Subjects in Clinical Research," which have been published in the
Federal Register of March 28, 1994 (FR 59 14508-14513) and reprinted
in the NIH Guide for Grants and Contracts, Volume 23, Number 11,
March 18, 1994.
 
Investigators also may obtain copies of the policy from the program
staff listed under INQUIRIES.  Program staff may also provide
additional relevant information concerning the policy.
 
ANIMAL WELFARE CONSIDERATIONS
 
Investigators are encouraged to consider alternative methods and
approaches in their research grant applications that do not require
the use of whole animals, use alternative species such as nonmammals
or invertebrates, reduce the number of animals required, and
incorporate refinements to procedures that will result in the
elimination or further minimization of pain and distress in animals.
 
APPLICATION PROCEDURES
 
Applications are to be submitted on the grant application form PHS
398 (rev. 5/95) and will be accepted at the standard application
deadlines as indicated in the application kit.  Application kits are
available at most institutional offices of sponsored research, or may
be obtained from the Grants Information Office, Office of Extramural
Outreach and Information Resources, National Institutes of Health,
6701 Rockledge Drive, MSC 7910, Bethesda, MD 20892-7910, telephone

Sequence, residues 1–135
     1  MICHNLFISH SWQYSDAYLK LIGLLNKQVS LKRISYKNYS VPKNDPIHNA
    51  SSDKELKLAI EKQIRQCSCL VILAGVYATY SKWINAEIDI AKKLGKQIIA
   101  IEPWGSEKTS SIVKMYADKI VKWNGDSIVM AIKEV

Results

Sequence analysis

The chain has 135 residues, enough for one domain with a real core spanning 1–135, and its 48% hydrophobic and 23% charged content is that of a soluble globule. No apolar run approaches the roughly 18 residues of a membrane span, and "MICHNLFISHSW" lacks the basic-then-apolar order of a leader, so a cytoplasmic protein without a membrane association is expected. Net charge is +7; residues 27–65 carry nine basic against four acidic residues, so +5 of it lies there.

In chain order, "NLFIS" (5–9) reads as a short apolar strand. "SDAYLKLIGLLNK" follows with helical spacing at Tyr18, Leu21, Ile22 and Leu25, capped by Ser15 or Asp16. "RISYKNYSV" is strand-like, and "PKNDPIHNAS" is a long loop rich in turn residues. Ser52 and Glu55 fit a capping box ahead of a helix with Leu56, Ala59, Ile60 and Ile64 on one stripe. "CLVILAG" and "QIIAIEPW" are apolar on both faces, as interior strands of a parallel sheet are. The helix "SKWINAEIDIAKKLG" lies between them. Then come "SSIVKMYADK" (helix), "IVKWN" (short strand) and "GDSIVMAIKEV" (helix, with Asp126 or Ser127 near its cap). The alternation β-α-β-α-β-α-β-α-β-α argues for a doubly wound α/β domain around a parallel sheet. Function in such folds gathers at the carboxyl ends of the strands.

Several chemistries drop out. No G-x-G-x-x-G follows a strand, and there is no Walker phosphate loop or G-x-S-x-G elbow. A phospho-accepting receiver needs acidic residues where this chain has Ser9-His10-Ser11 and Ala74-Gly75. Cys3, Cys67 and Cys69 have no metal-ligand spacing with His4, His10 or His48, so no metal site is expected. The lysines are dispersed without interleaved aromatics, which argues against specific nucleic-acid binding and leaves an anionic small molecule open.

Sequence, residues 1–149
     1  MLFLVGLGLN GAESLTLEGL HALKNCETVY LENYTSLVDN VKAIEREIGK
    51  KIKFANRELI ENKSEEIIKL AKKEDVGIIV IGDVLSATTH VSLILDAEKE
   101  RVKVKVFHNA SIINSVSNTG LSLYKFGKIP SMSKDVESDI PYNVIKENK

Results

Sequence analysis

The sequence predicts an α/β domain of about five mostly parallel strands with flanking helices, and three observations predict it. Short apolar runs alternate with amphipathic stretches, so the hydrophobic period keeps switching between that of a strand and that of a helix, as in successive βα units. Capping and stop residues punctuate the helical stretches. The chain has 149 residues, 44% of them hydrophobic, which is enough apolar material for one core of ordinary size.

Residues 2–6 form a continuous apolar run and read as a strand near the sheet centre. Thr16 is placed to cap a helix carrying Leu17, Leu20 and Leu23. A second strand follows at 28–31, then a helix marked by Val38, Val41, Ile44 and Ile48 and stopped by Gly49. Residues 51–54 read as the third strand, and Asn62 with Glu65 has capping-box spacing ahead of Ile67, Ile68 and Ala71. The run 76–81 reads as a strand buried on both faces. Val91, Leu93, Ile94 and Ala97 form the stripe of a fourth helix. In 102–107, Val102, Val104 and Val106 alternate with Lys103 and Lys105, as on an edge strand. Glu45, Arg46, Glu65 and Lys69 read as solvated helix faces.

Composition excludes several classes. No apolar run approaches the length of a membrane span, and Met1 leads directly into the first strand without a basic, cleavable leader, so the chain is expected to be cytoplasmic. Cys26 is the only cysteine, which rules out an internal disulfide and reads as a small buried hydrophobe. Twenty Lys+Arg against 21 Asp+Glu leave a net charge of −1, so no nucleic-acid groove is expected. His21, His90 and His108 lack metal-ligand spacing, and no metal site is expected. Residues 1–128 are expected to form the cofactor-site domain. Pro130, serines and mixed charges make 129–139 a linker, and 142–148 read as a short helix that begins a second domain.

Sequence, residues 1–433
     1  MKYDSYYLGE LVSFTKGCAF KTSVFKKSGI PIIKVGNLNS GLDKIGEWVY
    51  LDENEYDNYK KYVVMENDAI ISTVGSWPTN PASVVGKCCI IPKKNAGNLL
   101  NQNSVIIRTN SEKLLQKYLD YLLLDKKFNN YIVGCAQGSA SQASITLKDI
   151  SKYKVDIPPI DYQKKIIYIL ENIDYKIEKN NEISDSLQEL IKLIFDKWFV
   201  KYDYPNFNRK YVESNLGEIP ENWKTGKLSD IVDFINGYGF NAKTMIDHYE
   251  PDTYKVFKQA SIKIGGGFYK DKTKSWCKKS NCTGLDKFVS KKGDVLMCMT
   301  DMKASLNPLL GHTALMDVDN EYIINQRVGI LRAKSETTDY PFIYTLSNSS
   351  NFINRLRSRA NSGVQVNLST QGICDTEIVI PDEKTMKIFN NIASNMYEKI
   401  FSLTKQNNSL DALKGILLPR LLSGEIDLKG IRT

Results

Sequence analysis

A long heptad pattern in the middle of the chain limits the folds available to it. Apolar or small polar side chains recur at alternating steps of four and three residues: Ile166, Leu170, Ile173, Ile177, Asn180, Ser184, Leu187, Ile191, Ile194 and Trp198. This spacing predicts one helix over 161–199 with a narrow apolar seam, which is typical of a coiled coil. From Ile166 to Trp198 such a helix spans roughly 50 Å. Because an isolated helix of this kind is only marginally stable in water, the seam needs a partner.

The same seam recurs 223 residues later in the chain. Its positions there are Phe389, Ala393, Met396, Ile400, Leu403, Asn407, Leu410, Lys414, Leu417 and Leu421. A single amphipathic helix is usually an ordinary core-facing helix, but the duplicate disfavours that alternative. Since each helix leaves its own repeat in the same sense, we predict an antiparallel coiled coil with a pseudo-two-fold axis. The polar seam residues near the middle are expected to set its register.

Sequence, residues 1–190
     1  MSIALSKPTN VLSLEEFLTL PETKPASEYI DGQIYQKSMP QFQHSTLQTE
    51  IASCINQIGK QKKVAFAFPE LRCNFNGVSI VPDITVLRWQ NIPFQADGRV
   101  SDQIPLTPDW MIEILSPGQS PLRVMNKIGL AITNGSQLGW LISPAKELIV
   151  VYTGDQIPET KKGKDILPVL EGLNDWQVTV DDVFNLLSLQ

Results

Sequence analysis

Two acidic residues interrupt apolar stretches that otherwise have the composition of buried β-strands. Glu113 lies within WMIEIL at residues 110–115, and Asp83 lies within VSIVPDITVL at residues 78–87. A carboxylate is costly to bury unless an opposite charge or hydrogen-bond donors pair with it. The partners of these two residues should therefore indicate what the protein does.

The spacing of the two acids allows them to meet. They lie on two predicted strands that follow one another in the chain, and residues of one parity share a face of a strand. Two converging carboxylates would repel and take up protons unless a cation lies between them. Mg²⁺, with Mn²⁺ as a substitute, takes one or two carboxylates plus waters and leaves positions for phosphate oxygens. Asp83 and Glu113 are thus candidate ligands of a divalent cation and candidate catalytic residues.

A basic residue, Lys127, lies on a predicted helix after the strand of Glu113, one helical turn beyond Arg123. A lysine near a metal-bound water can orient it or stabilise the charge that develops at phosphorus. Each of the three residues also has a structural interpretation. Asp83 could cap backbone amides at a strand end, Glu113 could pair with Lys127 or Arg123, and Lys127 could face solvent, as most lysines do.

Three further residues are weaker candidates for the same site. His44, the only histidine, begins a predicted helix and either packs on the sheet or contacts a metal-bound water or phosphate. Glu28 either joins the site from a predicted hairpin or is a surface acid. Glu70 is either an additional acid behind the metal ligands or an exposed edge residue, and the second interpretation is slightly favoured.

301/435-0714, Email: asknih@odrockm1.od.nih.gov.
 
The program announcement title and number must be typed on line 2 of
the face page of the application form and the YES box must be marked.
 
Applications for the FIRST Award (R29) must include at least three
sealed letters of reference attached to the face page of the original
application.  FIRST Award (R29) applications submitted without the
required number of reference letters will be considered incomplete
and will be returned without review.
 
Potential R29 applicants should refer to the announcement on
Just-in-Time Procedures for FIRST and Career Awards (NIH Guide for
Grants and Contracts, Vol. 25, No. 10, March 29, 1996) for
information on recent changes in guidelines for FIRST award format.
 
The completed original application and five legible copies must be
sent or delivered to:
 
DIVISION OF RESEARCH GRANTS
NATIONAL INSTITUTES OF HEALTH
6701 ROCKLEDGE DRIVE, ROOM 1040-MSC 7710
BETHESDA, MD 20892-7710
BETHESDA, MD 20817 (for express/courier service)
 
REVIEW CONSIDERATIONS
 
Although this is a Program Announcement sponsored by the National
Institute of Diabetes and Digestive and Kidney Disease and by the
National Cancer Institute, the National Heart, Lung, and Blood
Institute also has an interest in the subject matter of this PA.
Other Institutes/Centers of the NIH also may have an interest.
Applications will be assigned to the most appropriate
Institute/Center on the basis of established Public Health Service
referral guidelines.
 
Applications will be reviewed for completeness by the Division of
Research Grants (DRG).  Applications that are complete will be
evaluated for scientific and technical merit by an appropriate peer
review group convened in accordance with NIH peer review procedures.
As part of the initial merit review, all applications will receive a
written critique and undergo a process in which only those
applications deemed to have the highest scientific merit, generally
the top half of applications under review, will be discussed,
assigned a priority score, and receive a second level review by the
appropriate national advisory council or board.
 
Review Criteria
 
o  scientific, technical, or medical significance and originality of
proposed research;
 
o  appropriateness and adequacy of the experimental approach and